One headline in the feed from the British newspaper The Guardian really caught my eye today: “Pupils to study Twitter and blogs in primary schools shake-up“.
That certainly sounds like an intriguing change, although the details are a little weird.
Children to leave primary school familiar with blogging, podcasts, Wikipedia and Twitter as sources of information and forms of communication. They must gain “fluency” in handwriting and keyboard skills, and learn how to use a spellchecker alongside how to spell.
First of all, I wouldn’t bet on Twitter being around when elementary kids graduate, at least not in the form it is when they write the specifics of the curriculum.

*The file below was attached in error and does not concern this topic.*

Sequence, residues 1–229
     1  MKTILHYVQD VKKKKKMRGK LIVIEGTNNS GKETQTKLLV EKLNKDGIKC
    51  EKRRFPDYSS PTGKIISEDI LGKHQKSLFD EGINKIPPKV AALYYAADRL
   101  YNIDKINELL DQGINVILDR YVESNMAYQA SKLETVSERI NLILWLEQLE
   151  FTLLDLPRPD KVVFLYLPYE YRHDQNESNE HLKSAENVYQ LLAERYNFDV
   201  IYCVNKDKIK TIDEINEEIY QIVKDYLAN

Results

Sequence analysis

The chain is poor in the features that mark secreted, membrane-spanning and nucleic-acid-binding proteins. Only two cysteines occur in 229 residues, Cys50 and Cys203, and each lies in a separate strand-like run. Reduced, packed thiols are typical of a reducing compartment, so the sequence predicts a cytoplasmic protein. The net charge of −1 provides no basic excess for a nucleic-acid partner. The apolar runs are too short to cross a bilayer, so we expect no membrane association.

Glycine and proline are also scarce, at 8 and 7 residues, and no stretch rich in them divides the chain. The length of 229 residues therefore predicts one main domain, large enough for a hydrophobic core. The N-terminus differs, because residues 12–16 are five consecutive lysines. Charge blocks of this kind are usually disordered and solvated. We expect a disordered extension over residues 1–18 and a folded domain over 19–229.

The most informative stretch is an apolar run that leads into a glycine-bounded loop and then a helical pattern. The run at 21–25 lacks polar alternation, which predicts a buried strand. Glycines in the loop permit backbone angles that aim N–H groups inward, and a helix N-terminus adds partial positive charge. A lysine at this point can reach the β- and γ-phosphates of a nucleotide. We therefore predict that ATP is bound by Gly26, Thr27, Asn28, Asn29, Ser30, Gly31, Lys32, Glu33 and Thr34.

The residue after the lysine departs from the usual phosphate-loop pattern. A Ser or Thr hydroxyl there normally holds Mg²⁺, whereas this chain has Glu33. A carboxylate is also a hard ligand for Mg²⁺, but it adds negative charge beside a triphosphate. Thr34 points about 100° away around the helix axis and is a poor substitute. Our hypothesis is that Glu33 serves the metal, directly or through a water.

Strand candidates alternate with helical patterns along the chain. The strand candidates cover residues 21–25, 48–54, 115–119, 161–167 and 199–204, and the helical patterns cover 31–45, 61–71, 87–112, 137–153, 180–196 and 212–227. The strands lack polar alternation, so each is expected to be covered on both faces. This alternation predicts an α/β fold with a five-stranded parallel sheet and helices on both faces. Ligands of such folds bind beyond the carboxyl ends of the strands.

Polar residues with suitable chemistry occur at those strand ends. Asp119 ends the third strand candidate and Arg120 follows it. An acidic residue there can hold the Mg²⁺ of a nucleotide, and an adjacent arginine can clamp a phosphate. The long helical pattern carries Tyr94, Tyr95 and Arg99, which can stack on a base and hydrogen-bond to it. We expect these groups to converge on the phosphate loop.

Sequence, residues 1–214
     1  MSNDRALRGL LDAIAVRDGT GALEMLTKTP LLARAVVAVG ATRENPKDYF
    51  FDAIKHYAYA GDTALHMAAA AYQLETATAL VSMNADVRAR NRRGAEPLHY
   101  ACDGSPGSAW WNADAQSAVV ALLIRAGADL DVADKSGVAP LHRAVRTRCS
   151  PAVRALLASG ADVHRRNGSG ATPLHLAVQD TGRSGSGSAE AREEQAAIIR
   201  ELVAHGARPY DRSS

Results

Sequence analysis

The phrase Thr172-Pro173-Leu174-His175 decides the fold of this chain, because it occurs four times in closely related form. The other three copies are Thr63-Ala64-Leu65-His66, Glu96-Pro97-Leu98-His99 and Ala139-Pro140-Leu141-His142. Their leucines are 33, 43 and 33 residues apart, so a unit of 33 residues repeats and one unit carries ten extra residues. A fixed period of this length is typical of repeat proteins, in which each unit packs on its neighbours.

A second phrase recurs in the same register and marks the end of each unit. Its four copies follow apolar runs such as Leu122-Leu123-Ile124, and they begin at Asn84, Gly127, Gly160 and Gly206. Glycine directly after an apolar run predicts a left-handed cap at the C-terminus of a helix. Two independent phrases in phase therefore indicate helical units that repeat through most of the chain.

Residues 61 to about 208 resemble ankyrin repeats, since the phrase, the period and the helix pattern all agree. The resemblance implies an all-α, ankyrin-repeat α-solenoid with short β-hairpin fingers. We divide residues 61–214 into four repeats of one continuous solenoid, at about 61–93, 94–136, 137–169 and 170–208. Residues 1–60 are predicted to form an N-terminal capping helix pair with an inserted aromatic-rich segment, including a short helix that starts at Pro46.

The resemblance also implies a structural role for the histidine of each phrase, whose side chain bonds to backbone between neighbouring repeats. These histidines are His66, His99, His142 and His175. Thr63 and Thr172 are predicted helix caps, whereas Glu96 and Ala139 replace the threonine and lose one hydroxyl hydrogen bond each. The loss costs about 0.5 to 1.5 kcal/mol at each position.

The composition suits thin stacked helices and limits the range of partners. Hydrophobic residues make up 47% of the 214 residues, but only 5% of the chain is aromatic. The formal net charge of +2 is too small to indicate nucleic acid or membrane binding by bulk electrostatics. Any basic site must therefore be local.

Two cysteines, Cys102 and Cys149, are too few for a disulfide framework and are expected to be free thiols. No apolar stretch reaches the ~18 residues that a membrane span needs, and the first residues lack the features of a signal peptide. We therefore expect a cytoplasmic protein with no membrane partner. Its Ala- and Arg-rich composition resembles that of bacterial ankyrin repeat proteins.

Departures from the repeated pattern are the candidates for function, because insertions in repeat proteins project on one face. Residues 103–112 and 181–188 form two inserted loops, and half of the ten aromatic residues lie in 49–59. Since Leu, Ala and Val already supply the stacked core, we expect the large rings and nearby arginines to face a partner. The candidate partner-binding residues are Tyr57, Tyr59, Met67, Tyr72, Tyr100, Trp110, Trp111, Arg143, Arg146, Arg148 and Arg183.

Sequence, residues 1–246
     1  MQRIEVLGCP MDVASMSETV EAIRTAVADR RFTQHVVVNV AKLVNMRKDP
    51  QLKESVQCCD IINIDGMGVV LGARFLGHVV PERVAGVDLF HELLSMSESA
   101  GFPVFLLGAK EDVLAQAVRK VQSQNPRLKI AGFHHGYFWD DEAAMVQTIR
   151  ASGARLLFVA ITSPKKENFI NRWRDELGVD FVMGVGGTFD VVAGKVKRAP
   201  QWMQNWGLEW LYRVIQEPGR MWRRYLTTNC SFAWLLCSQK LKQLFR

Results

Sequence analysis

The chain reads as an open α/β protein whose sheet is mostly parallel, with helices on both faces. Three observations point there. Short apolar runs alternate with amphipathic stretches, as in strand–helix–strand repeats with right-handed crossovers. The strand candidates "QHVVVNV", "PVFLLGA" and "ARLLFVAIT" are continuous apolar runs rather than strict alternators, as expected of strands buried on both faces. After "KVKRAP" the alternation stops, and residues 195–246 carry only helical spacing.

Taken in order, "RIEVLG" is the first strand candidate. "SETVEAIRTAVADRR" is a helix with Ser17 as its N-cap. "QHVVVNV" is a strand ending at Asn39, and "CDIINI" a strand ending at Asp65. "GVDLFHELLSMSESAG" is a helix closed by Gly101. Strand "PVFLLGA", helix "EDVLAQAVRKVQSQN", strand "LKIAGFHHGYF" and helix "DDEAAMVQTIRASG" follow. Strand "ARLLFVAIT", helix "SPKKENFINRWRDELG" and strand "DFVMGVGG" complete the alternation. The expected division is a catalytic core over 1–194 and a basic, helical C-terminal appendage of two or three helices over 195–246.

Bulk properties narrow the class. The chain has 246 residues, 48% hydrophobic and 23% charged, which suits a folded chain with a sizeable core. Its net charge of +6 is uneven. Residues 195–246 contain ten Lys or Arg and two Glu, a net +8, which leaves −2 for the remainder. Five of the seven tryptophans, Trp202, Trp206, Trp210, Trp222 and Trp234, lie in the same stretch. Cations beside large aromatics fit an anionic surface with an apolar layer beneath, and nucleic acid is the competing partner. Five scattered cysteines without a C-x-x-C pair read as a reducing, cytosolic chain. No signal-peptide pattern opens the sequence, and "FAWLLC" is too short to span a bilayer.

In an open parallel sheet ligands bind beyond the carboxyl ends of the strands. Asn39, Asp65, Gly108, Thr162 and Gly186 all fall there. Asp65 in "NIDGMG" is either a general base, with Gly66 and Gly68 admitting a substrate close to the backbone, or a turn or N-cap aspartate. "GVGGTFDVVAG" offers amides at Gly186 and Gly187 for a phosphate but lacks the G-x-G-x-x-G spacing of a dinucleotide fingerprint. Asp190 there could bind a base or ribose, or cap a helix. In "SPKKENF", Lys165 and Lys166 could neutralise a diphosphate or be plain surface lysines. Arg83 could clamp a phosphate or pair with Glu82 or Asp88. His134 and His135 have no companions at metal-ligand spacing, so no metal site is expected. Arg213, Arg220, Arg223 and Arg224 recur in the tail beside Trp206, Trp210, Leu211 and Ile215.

But to combine this with skills in handwriting and using a spellchecker…?
I would love it if our overly-large school district would follow the British lead and at least acknowledge the instructional possibilities of these new communications tools.
However, this particular change to the curriculum seems, on the surface, to be yet another attempt to teach tools instead of concepts.
It was the same way a decade or so back when we taught word processing classes (I taught my share of AppleWorks!) instead of focusing on how to improve the writing process using a word processor.
We should be helping our kids understand how to write for the web, to present their ideas, to craft their online image, regardless of the tools.
The emphasis needs to be on the process, not the processor.